Cleveland powerlifting club heads to national championships

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CLEVELAND — A northeast Ohio powerlifting club is on its way to the national championships.


What You Need To Know

  • The Cleveland Powerlifting Club consists of Cleveland youth
  • The Club was started by Marzell Pink to provide young people a safe and healthy environment to train in powerlifting.
  • The team from the Cleveland Metropolitan School District will compete at the USA Powerlifting High School Nationals competition

While spotting his athletes at the bench, Marzell Pink said he sees the gains these lifters and the gym itself have made in a short period of time.

“We had this, we had this machine, this bar, these weights, that,” Pink said while pointing to a few pieces of equipment.

Now, the room is full of weight training equipment.

As the head coach of the Cleveland Powerlifting Club, he gets to pass down his love for the sport to the next generation. 

“Just an old beat-up meathead man trying to find my way after high school sports was over,” Pink said. “And then I got talked back into it by one of my former students because he was trying to get back into it. And he talked me into it about 10 years ago.” 

Pink serves as the dean of engagement for Davis Aerospace & Meritime High School. The club has had a lot of success since it started. Not just in competition, but also in the development of these young athletes. 

Pink shared a moment he had with the mother of one of the lifters. 

“She was just almost in tears watching him lift and I was like, you know, ‘what’s wrong? You know, what’s going on?’ And she was like ‘you know Mr. Pink if you really knew that when I had him, the doctors said he wasn’t going to make it to 1 years old.’ And you know, it just socially made him a little bit stronger,” Pink said. 

Meanwhile, powerlifters like 19-year-old Keonna Crute are pushing hard at King’s Gym preparing for this major opportunity.

“My brothers, they was in here and then I come to their practices and then I started to think if I could try it and then he told me I might as well just join and so I liked to join it anyways because it was fun,” Crute said.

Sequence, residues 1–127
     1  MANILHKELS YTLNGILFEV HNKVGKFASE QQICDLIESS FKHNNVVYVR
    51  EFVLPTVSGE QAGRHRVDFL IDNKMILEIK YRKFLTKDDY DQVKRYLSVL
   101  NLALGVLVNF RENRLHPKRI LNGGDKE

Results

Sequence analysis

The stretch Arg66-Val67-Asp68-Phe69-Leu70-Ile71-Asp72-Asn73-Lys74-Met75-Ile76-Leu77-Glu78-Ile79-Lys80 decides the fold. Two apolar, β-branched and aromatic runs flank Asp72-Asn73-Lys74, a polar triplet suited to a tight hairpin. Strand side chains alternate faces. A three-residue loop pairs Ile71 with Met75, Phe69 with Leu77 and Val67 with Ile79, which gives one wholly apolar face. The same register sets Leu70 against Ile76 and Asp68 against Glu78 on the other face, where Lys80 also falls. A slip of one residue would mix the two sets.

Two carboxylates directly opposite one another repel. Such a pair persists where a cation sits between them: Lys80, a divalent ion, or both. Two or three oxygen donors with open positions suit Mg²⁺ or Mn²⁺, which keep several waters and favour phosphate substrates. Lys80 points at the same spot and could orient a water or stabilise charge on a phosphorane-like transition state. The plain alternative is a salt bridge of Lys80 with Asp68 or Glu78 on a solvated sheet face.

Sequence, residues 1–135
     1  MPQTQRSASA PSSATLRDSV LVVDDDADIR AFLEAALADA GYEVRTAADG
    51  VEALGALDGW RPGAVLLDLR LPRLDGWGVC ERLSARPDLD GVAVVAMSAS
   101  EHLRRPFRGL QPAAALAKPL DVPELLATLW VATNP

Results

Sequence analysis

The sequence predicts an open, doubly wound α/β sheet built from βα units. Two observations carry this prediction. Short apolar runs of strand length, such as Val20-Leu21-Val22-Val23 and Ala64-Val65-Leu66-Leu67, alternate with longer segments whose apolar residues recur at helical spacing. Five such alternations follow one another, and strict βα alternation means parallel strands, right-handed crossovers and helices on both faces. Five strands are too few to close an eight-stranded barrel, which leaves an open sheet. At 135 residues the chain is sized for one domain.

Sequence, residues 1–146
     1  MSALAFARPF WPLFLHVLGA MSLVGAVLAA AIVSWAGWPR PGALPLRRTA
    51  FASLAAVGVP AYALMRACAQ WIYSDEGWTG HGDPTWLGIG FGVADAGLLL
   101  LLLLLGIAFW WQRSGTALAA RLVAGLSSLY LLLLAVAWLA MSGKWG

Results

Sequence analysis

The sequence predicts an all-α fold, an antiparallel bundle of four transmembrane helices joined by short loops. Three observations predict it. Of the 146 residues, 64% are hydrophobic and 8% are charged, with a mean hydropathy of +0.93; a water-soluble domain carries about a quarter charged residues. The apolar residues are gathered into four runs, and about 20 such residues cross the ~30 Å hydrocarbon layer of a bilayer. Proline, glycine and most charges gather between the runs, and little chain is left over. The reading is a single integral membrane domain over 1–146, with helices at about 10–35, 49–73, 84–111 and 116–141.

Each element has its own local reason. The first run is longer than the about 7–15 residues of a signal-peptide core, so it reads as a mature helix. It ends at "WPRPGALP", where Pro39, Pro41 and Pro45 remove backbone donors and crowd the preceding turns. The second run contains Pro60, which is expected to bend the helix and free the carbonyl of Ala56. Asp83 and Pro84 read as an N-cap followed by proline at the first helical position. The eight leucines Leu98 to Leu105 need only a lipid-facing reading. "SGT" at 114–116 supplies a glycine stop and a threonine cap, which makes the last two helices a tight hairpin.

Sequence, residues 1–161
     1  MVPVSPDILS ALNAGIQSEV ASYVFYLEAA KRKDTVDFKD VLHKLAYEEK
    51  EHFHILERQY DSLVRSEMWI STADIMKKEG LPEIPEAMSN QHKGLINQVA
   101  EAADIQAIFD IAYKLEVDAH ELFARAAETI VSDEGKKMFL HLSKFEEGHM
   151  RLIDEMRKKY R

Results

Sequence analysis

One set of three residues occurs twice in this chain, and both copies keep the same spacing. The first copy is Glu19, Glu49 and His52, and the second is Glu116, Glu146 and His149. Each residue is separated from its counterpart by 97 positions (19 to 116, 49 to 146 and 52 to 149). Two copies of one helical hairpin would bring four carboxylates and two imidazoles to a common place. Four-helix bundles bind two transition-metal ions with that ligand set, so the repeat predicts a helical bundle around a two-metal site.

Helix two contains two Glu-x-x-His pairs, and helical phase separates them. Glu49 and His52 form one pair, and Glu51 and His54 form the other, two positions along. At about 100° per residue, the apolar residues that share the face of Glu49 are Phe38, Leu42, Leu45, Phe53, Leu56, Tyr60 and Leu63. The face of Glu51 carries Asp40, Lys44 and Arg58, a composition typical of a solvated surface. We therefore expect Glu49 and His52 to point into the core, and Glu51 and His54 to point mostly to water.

The high school senior has gone from lifting just the bar to competing on the national stage alongside her sisters who are also a part of the club.

For a family lost their mother at a young age, the weights they’ve lifted in life are far greater than the ones in the gym. 

“We really didn’t know how to function without her, so then when we got introduced to powerlifting. It was more so fun because, well our grandmother, she gets to come see us and stuff and, it’s just like, I don’t know how to explain it, it’s just better. It makes everything better,” Crute said.  

At the gym, you can also find assistant coach Eli Auerbach. The powerlifter and coach made it a family affair when he recruited his dad to help.

“A year ago, even though it was a goal we talked about, especially with COVID, I wasn’t sure how many if any at all we’d get there. We were planning on optimistically four to six, so to have a full team of 10 people competing and have a legitimate shot at competing on a national stage as a team is beyond words honestly,” Auerbach said. 

And as coach Pink gets his team ready for nationals, he hopes that powerlifting has made an impact on their lives that will only continue. 

“They know about being resilient. They know about coming to school in spite of my circumstance. They know about that. They got a Ph.D. in that. So our goal as educators, as coaches, is can we tap into the strength that you already have and start to apply it to other areas of your life?”

A powerlifting team, not just making serious gains in the sport, but also in life.



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